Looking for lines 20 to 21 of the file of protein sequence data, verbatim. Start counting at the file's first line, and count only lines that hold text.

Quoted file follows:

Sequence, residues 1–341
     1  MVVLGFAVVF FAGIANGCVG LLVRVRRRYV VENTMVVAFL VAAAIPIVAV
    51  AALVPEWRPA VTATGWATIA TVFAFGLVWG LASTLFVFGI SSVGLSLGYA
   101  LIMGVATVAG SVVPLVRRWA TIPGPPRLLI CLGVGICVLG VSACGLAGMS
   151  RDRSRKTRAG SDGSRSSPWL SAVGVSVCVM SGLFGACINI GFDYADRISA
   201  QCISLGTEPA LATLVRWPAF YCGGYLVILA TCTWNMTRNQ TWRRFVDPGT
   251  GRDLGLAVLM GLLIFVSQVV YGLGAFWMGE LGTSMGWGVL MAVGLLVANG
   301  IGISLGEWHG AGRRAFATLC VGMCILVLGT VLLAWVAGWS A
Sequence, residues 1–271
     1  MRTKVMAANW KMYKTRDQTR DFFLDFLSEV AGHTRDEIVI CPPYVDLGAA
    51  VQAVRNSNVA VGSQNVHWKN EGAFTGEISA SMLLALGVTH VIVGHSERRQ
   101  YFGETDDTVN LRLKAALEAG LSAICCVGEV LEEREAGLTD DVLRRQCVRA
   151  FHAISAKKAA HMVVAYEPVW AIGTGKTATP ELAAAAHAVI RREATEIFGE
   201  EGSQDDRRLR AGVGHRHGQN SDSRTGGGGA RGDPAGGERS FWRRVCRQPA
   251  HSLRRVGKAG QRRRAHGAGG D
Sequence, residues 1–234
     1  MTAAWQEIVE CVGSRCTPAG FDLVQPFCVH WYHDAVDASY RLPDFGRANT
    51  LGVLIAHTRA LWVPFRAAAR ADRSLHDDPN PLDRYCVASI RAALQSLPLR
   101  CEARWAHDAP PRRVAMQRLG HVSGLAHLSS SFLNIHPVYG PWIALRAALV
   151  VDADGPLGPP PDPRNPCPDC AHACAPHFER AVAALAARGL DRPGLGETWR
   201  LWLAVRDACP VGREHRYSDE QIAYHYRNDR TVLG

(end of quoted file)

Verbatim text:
   151  VDADGPLGPP PDPRNPCPDC AHACAPHFER AVAALAARGL DRPGLGETWR
   201  LWLAVRDACP VGREHRYSDE QIAYHYRNDR TVLG